After walking back around the side and entering from the parking lot, I approached an usher and asked about the locked door. “No one comes in from that entrance,” he said. “The parking lot is to the side.”

I said, “What about walk-ups? People from the neighborhood who come across the street.”

He said, “No one does that.”

He’s right. They stay away because the church has told them they’re not welcome.

One church I visited had plate glass doors where the interior of the lobby was clearly visible from the front steps. A table had been shoved against the doors to prevent anyone from entering that way. I did not ask why; I knew. The parking lot was in the rear. Regulars parked back there and entered through those doors.

That church, in a constant struggle for survival, is its own worst enemy. They might as well erect a sign in front of the church that reads, “First-timers unwelcome.”

2. The functioning entrance is opened late.

Even if we understand why a rarely used front door is kept locked, it makes no sense that the primary door should be closed. And yet, I have walked up to an entrance clearly marked and found it locked. The pastor explained, “We unlock it 15 minutes prior to the service.”

If that pastor is a friend and we already have a solid relationship, I will say something gracious, like, “What? Are you out of your cotton-picking mind? A lot of people like to come early. Seniors do. First-timers like to get there early to see the lay of the land. That door ought to be unlocked a minimum of 45 minutes prior to the announced worship time.”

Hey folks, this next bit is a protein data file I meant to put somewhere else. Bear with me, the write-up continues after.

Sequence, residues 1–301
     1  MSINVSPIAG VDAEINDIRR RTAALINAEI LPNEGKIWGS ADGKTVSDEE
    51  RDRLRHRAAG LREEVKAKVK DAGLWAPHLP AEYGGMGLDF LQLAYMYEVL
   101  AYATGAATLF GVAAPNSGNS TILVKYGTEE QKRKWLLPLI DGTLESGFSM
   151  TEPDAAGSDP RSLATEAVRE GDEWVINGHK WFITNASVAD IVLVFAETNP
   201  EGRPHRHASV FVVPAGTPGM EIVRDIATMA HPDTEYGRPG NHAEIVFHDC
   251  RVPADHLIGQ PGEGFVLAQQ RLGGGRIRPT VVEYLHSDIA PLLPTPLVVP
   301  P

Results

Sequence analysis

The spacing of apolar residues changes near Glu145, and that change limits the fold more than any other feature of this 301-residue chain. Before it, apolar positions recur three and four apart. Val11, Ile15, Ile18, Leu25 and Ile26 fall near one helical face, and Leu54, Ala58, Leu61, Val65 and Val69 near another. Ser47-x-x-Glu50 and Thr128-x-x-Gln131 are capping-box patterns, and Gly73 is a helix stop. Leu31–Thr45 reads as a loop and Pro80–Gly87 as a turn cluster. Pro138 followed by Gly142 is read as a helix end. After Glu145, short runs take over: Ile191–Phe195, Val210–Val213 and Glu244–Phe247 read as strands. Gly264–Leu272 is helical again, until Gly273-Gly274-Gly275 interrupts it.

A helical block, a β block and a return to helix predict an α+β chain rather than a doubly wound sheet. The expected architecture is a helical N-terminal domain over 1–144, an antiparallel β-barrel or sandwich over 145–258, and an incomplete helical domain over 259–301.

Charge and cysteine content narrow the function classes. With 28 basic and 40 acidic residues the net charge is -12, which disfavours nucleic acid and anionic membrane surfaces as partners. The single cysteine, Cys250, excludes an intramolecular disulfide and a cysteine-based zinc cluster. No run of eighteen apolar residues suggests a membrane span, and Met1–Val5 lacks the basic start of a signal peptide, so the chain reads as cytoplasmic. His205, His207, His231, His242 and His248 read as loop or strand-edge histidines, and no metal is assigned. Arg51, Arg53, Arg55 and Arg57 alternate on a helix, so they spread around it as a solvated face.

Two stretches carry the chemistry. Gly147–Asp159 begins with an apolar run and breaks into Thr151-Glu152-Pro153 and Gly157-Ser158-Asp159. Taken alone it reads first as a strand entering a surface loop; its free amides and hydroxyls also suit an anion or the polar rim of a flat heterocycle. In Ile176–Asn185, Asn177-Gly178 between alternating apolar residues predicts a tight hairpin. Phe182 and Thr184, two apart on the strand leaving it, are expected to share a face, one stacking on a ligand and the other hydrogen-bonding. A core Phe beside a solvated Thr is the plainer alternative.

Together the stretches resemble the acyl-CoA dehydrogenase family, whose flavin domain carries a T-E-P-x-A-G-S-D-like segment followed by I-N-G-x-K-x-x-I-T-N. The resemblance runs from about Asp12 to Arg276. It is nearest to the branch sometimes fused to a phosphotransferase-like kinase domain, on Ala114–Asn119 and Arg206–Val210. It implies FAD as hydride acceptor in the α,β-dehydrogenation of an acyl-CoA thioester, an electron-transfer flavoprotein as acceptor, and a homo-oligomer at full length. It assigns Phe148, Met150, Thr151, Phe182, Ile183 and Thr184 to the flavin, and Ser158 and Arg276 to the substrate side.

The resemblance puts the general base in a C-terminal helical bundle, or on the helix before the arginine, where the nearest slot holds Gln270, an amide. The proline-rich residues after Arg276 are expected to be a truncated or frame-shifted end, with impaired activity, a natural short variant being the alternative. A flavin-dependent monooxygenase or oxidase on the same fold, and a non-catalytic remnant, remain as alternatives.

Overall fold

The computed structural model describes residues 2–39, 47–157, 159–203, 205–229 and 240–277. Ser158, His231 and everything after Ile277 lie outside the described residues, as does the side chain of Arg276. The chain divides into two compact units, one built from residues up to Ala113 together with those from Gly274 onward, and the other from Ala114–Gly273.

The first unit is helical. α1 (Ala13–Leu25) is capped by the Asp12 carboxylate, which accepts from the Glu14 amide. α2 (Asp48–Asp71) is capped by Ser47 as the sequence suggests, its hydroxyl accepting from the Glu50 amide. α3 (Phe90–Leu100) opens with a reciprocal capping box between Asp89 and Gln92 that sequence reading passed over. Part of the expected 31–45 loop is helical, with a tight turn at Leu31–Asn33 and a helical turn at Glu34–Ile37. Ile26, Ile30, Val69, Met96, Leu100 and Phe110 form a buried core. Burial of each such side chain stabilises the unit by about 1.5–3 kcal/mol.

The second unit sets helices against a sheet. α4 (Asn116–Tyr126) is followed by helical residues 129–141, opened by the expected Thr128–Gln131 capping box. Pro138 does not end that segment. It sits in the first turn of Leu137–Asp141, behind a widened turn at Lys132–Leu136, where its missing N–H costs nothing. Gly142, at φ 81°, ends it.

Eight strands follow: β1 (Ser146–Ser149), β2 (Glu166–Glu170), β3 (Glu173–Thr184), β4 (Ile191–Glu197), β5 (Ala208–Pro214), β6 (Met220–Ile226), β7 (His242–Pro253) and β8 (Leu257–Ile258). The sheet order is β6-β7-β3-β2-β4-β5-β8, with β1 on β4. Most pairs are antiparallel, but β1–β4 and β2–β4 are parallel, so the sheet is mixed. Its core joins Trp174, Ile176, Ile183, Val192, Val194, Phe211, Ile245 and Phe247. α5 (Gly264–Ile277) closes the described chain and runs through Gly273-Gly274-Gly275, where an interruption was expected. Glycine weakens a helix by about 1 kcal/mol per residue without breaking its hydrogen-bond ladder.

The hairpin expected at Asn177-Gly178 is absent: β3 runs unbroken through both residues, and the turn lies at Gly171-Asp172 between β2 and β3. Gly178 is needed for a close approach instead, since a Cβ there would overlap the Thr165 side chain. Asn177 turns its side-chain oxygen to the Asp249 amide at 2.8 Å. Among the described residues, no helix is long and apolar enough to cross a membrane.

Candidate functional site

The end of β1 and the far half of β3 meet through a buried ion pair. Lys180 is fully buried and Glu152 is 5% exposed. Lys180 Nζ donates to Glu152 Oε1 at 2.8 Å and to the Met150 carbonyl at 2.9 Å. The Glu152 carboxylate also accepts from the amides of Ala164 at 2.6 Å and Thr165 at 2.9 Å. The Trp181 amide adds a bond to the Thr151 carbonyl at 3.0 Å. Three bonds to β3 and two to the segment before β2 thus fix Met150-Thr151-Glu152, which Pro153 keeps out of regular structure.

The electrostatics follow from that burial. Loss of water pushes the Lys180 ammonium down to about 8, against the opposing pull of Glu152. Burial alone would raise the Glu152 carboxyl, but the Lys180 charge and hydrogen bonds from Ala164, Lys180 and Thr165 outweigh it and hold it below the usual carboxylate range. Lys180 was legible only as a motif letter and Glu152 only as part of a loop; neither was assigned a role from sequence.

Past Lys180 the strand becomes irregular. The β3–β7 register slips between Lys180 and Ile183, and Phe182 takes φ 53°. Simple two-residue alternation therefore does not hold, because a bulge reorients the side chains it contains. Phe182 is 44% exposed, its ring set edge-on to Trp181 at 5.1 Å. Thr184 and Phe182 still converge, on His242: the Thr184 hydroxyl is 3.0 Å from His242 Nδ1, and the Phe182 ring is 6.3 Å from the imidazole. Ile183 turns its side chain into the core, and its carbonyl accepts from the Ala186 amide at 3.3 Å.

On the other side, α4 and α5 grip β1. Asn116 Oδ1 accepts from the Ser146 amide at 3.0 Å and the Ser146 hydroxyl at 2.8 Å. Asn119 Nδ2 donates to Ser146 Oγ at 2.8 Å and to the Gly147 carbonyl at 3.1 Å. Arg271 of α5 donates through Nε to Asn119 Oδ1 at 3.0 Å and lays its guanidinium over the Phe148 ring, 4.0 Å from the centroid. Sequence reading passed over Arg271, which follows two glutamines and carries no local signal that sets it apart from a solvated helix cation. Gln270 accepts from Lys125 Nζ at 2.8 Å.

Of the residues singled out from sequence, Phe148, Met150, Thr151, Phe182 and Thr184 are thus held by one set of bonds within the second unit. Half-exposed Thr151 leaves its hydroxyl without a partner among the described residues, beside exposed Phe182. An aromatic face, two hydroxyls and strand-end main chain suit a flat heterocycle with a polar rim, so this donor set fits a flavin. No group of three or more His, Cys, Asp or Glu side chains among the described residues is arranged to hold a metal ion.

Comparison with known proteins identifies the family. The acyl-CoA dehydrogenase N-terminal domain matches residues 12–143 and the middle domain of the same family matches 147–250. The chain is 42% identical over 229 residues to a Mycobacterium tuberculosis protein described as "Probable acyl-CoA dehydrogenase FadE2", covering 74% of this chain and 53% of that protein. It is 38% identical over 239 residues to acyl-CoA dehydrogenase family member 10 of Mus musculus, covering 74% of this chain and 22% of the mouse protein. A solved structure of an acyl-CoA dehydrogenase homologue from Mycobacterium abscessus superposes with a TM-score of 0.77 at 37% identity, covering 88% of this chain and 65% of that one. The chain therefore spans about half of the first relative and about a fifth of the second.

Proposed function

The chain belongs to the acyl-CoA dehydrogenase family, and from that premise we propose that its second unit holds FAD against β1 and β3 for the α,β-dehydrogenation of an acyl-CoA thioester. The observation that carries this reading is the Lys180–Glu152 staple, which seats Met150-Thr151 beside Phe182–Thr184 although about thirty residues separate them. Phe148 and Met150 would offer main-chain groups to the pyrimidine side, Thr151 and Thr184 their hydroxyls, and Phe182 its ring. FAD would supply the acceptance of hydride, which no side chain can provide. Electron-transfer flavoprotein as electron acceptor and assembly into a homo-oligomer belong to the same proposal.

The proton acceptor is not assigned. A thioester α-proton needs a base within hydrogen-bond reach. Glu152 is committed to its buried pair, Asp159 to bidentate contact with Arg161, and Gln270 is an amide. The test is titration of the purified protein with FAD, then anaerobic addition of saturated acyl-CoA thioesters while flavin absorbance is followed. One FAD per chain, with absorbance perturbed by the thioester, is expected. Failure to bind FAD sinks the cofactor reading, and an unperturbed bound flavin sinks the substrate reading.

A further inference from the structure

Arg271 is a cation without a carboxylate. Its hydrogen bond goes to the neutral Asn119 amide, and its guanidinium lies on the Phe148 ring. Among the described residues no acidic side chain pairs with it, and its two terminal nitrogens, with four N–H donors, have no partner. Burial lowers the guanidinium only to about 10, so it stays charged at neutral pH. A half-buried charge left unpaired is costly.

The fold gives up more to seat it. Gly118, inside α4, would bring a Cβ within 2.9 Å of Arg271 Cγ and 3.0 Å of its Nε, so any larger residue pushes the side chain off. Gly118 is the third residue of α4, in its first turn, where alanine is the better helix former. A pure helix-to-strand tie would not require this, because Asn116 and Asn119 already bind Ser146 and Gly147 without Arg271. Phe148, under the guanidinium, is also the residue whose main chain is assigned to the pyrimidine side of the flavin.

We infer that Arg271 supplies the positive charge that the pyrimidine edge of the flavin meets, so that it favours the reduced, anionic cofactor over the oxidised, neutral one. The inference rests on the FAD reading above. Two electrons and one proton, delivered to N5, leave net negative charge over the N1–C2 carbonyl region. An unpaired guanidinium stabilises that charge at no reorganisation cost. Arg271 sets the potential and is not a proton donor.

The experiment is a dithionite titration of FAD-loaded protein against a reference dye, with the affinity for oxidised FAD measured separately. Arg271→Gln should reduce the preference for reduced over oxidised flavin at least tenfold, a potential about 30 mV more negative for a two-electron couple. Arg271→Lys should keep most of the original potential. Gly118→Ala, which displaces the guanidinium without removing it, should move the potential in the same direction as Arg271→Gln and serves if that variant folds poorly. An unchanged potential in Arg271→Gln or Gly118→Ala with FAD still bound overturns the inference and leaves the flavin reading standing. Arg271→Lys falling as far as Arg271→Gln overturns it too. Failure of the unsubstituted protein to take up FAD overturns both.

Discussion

If the pastor and I are meeting for the first time, I’ll still make the point, although a little gentler than that.

3. The church bulletin gives inadequate information.

The announcement reads: “The youth will have their next meeting this week at Stacy’s house. See Shawn for directions. Team B is in charge of refreshments.”

Good luck to the young person visiting that day and hoping to break into the clique. He has no idea who Shawn is, how to get to Stacy’s house or what’s going on if he dares to attend.

So, the youth does not return. Next Sunday, he tries that church across town that is drawing in great crowds of teens. For good reason, I imagine. They act like they actually want them to come.

4. The pulpit is unfriendly to first-timers.

The pastor says, “I’m going to call on Bob to lead the prayer.” Or, “Now, Susan will tell us about the women’s luncheon today.” “Tom will be at the front door with information on the project.”

By not using the full names of the individuals, the pastor ends up speaking only to the insiders. Outsiders entered without knowing anyone and leave the same way.

5. The congregation sends its own signals.

Is visitors parking clearly marked? And when you park there, does someone greet you with a warm welcome and helpful information? Or, do you find a parking place wherever you can and receive only stares as you approach the entrance?

Did you get the impression that you were sitting in someone else’s pew today?